White goalie comes off as very passive. His leg movements are quick and sharp, but he doesn't challenge the shooter enough. I get the feeling that maybe he doesn't trust his skating ability, which might explain why he plays so deep (doesn't have to move across as much to square up on the puck), but he didn't really leave his net when on camera so I can't say for certain. His hands are also more beside his body, rather than in front of his body; it's particularly noticeable when he stands up with his right leg, as the thigh rise on his pad hits his blocker hand even though the blade of his stick is off the ice.

Verdict: I'd rather be shooting at White goalie. With how deep he is in his crease, a good hard shot is going to beat him more often than I'd be comfortable with as a coach, and as players get bigger and stronger that weakness is only going to be exacerbated. 

Black goalie is the kind of guy that'll get beat on scrambles in front, quick plays originating from behind the net, or one-timers from the backdoor. Needs to work on his puck tracking, and backside recoveries, but the confidence he plays with counts for a lot.

Game 2:

Black goalie easily the best of the bunch. Positioning is great, sharp and clean movements, telescopes out very well, good puck tracking. I think I heard him talking to his players at one point, which is great. No glaring issues with his game, that I could see. Noticed he backed into his net a little too quickly once or twice, but that seemed to be the exception rather than the rule.

White goalie looks passive. Very little movement in his net, hands beside his body, and I don't think I ever saw him get into a really deep crouch for some explosive movements. Seemed a bit slow to regain his feet. He reads the play well, but he needs to get more engaged with what's happening. Challenge farther out, keep his hands more forward and active when tracking the puck, and generally play with a little more urgency than it seems he is.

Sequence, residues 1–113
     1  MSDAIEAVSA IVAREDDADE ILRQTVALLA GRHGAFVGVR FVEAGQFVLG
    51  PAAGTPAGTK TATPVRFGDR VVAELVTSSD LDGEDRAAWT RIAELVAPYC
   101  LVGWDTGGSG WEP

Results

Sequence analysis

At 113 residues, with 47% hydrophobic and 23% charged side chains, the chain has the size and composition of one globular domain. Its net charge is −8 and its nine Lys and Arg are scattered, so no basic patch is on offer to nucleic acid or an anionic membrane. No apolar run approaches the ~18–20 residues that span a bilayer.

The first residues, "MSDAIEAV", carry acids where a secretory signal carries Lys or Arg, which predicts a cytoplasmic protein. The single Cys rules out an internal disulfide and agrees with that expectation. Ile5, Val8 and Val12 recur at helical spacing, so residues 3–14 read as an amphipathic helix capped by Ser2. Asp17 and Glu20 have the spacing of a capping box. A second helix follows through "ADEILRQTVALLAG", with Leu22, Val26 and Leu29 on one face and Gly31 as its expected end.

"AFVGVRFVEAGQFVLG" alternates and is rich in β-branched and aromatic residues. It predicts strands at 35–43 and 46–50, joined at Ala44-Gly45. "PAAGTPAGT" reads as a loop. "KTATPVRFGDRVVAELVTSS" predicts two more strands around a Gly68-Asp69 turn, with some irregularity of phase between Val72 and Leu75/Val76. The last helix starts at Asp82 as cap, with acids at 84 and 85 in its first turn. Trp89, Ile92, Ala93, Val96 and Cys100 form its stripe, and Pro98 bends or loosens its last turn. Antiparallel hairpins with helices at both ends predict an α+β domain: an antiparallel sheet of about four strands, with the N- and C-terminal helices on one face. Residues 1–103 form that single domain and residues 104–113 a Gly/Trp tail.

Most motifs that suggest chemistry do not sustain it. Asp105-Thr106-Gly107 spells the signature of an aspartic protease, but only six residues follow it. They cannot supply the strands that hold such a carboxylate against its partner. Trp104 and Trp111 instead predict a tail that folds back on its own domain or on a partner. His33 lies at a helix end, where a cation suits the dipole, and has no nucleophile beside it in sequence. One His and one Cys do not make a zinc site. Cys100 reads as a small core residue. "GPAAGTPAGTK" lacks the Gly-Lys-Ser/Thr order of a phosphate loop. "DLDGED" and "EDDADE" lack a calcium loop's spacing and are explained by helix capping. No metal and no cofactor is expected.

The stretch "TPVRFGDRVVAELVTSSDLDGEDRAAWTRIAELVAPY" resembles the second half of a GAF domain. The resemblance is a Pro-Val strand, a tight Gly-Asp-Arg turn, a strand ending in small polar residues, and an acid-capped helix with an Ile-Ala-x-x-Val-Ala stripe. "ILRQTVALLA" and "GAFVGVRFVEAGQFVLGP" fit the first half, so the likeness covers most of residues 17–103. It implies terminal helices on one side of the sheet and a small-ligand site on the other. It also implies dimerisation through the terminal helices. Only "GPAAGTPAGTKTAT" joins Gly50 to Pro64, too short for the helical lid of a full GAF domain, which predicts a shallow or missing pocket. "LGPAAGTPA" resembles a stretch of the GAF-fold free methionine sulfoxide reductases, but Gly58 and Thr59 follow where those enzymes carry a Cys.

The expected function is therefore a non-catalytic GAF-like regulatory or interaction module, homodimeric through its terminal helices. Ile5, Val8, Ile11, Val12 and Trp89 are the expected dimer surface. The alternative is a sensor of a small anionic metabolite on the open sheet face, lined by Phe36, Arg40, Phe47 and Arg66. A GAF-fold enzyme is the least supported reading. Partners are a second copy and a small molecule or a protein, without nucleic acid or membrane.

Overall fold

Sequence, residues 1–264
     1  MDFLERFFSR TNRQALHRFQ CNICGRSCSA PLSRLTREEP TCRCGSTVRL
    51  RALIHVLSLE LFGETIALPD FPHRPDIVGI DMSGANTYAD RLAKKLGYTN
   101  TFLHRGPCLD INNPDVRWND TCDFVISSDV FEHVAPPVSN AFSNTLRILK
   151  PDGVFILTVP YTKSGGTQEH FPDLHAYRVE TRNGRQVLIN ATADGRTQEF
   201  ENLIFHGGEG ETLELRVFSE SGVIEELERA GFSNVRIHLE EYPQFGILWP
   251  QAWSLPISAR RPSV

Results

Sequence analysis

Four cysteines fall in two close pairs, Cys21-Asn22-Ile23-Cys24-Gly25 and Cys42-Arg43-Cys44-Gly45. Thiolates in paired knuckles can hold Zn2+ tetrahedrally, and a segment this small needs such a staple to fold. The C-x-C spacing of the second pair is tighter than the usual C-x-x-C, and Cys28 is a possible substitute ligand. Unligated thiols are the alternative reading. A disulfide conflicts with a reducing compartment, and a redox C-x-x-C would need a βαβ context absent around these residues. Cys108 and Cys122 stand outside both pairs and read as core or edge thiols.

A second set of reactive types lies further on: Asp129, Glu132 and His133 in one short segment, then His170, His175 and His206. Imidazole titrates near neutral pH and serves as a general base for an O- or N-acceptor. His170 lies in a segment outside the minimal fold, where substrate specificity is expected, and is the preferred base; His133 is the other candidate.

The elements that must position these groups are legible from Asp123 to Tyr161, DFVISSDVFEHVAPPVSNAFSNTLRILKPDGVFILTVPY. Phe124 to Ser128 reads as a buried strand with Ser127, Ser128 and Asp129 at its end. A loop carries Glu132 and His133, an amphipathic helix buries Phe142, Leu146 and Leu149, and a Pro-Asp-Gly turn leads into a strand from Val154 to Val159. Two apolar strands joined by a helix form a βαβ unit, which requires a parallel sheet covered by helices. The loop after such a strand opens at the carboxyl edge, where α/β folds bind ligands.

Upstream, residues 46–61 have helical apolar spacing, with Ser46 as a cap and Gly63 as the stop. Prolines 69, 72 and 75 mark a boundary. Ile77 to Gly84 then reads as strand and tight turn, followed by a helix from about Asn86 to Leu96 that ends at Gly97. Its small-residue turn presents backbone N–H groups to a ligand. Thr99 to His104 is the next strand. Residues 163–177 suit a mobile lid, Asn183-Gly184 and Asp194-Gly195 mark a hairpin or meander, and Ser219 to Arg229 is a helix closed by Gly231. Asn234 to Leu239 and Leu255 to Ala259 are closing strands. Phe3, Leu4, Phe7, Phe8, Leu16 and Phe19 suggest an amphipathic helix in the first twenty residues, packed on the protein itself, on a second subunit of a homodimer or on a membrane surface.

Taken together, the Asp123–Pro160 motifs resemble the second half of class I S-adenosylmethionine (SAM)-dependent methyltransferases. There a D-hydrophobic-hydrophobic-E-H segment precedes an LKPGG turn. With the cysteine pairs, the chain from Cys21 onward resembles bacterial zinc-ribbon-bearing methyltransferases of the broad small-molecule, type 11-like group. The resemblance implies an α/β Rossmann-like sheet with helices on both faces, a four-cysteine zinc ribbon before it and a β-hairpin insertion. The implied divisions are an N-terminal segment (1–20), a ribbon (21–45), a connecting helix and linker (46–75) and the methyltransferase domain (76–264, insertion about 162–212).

Verdict: I'd rather be shooting at White goalieQuick rebounds, passing plays, anything that forces him to move is going to open up lots of space above his pads. He's a bit of a bigger boy but, as deep as he plays in the net, shooters are eventually going to start sniping them past his shoulders. Like RichMan said, his technical skills need polish.

Black goalie is solid. For this level of play, he doesn't appear to have any major weaknesses.


I'd take the black goalie from Game 2, and the black goalie from Game 1 as my 1st and 2nd, in that order. The black goalie from game 2 is pretty clearly the best, and I feel like the holes in the game of the black goalie from game 1 are more easily corrected than those of either of the white goalies.